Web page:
New research suggests that some Americans resistant to vaccination against COVID-19 may be persuaded to ease access, be persuaded by family and friends, and address safety concerns – while providing free incentives to get the shot. Not that motivating.
A survey by the Deloitte Center of Health Solutions conducted August 13-27, which included 1,200 unvaccinated American adults, found that if offered during a routine doctor’s appointment, 34% would get the shot. 17% of those who say they “refuse” to get vaccinated.
They said they would be more likely to receive vaccinations under scenarios such as a mobile vaccine clinic visiting their neighborhood (46% of people on the fence about the vaccine and 14% of people refusing it), a health care provider who would give them the vaccine. Used to be. at their home (45% and 16%), if the vaccine was being offered at a store, they were already shopping at (48% and 15%) and if they “walked from a vaccine site where Appointments were available” (46% and 15%).
Non-vaccinated respondents largely ranked their loved ones as their main source of COVID-19 information – above even their doctor – and 59% of vaccinated respondents said they had family And got the shot because of friends.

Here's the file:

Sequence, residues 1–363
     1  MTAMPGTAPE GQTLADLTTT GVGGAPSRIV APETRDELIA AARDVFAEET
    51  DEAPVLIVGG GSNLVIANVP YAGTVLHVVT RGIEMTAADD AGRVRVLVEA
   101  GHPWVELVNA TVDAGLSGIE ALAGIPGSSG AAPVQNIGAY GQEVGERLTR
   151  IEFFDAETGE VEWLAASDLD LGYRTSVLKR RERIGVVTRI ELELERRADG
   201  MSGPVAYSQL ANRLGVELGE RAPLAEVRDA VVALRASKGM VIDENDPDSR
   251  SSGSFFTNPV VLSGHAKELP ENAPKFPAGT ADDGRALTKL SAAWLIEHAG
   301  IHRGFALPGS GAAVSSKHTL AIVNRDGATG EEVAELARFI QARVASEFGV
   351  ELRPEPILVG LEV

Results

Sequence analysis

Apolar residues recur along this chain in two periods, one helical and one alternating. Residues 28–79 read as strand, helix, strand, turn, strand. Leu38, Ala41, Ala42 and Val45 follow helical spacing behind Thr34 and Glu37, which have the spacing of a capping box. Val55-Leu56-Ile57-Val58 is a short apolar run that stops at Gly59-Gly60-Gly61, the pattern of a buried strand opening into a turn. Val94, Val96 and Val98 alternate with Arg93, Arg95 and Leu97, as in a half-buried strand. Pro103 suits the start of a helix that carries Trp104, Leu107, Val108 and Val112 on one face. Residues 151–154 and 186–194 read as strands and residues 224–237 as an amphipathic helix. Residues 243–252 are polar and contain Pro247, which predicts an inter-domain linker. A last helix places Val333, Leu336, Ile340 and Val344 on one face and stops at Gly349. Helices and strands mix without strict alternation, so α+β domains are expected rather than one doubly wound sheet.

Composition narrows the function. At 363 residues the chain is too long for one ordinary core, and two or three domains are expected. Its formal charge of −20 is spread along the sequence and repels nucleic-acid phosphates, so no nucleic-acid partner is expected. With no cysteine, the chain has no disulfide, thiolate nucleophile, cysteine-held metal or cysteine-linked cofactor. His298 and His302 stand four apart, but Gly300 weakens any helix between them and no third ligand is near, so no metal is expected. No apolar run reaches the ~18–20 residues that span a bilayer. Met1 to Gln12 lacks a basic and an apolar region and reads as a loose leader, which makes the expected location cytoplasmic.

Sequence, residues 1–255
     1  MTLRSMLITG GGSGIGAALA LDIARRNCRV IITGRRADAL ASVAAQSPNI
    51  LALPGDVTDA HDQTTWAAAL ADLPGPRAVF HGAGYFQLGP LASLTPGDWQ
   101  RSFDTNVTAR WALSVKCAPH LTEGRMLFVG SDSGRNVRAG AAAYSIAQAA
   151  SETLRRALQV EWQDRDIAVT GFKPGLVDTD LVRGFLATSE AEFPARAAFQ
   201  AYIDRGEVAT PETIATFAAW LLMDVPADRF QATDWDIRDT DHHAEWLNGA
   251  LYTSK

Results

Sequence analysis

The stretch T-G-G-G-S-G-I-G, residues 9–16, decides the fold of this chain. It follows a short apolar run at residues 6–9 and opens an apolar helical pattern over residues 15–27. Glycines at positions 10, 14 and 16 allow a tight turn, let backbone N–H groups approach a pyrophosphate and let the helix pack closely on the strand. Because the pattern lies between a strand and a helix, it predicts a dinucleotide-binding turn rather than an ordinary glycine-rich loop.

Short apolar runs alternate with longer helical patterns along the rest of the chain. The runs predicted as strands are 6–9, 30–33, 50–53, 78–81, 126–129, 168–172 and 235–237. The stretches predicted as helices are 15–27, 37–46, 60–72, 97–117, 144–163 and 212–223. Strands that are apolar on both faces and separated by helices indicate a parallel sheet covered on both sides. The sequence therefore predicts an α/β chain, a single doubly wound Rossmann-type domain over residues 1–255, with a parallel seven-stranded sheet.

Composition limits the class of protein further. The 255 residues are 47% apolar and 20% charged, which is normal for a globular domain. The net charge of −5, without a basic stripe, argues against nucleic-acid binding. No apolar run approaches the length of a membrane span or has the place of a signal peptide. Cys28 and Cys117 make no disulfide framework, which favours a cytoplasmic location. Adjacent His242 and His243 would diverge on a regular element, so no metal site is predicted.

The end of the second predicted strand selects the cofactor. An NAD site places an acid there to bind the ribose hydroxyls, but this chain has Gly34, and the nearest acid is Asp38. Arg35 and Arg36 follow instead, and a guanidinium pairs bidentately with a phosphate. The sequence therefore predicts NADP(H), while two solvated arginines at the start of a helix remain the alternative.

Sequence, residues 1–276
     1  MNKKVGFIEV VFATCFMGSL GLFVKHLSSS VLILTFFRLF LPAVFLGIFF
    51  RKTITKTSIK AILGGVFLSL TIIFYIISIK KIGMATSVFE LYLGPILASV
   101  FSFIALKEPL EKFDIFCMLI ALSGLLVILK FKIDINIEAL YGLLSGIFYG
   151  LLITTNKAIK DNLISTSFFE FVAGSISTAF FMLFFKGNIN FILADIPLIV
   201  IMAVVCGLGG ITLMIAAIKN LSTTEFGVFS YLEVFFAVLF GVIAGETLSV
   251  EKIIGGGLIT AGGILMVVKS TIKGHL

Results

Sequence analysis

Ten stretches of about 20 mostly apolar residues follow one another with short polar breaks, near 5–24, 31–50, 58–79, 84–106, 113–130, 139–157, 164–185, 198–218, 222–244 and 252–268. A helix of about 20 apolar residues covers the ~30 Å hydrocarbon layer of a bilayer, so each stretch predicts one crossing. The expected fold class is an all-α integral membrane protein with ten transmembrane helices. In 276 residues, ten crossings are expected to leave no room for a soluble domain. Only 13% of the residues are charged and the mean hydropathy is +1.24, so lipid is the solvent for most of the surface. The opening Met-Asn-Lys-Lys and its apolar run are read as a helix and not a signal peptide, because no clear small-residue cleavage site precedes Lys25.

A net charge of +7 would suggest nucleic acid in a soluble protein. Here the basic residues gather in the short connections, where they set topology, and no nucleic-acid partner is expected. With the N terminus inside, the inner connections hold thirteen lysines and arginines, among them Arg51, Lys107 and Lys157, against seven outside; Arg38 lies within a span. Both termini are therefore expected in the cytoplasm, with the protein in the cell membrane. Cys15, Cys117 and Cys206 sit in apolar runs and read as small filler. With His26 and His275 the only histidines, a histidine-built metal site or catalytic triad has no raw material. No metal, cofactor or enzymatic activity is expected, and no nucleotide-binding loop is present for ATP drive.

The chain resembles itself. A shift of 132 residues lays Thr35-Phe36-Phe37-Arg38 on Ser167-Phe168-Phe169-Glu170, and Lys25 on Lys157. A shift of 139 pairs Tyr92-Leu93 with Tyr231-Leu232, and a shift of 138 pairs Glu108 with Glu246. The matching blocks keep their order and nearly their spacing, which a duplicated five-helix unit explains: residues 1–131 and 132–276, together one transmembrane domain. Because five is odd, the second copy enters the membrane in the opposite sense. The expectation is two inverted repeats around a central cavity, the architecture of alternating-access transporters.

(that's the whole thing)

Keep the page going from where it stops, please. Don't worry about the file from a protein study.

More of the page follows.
Of the unvaccinated respondents who said they plan to get the shot, 34% said they want it now because they have learned they have found one they trust and 28% have found a reliable one. While 57% of non-vaccinated people said about shots on the fence that they might be influenced by the people they care about asking them to get vaccinated.
With concerns about the safety of vaccines being among the biggest reasons for hesitation of vaccines, non-vaccination respondents said they may be influenced to get the shot by learning more safety information about it (79% said that will affect them “very much.” or “to some extent”), if a new vaccine is released that “feels safe” (74%) or if a vaccine is released that does not require needle injection (47%) Is.
Of those on the fence, 61% also said they may be affected if the vaccine is essential to their daily activities, suggesting the effectiveness of the vaccine’s mandate, and 56% may be affected if their The family asked him to get vaccinated to see. Them.